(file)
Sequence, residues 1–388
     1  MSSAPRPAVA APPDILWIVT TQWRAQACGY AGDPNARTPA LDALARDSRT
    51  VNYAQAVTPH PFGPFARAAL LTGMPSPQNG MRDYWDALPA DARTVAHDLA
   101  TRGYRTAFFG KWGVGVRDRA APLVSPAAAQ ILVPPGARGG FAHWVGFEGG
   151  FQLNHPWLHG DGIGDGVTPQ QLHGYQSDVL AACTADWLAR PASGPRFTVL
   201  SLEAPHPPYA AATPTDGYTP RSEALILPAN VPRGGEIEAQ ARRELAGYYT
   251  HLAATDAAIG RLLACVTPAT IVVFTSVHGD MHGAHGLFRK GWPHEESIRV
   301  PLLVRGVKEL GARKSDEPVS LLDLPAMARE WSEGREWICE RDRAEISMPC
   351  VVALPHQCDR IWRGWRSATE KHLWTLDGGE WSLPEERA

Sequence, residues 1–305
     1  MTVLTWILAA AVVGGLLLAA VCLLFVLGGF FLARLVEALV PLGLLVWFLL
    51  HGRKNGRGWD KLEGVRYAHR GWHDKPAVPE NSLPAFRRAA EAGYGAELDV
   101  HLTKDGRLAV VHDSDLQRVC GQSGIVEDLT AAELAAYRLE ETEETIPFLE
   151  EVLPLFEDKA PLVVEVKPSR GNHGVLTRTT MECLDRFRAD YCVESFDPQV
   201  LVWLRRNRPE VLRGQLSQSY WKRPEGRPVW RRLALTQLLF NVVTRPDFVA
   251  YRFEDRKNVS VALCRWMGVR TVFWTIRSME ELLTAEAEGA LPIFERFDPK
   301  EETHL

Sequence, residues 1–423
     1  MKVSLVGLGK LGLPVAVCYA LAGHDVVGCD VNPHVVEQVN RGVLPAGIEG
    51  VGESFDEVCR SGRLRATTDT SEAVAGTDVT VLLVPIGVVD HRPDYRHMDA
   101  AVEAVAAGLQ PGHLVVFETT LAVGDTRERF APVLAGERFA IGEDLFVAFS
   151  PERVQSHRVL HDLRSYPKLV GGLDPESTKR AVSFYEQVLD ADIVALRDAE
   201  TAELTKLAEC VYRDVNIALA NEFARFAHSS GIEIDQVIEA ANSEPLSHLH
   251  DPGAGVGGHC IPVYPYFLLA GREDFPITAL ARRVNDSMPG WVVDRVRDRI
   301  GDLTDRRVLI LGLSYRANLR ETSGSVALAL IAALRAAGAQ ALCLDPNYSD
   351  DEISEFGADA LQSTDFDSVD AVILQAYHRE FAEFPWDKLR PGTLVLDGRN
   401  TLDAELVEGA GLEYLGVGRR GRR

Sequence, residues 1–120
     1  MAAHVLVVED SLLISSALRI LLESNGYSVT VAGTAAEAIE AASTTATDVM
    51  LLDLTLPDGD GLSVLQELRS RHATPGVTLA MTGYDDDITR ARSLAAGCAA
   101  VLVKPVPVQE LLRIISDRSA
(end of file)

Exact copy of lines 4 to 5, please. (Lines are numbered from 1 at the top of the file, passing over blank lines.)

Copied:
   101  TRGYRTAFFG KWGVGVRDRA APLVSPAAAQ ILVPPGARGG FAHWVGFEGG
   151  FQLNHPWLHG DGIGDGVTPQ QLHGYQSDVL AACTADWLAR PASGPRFTVL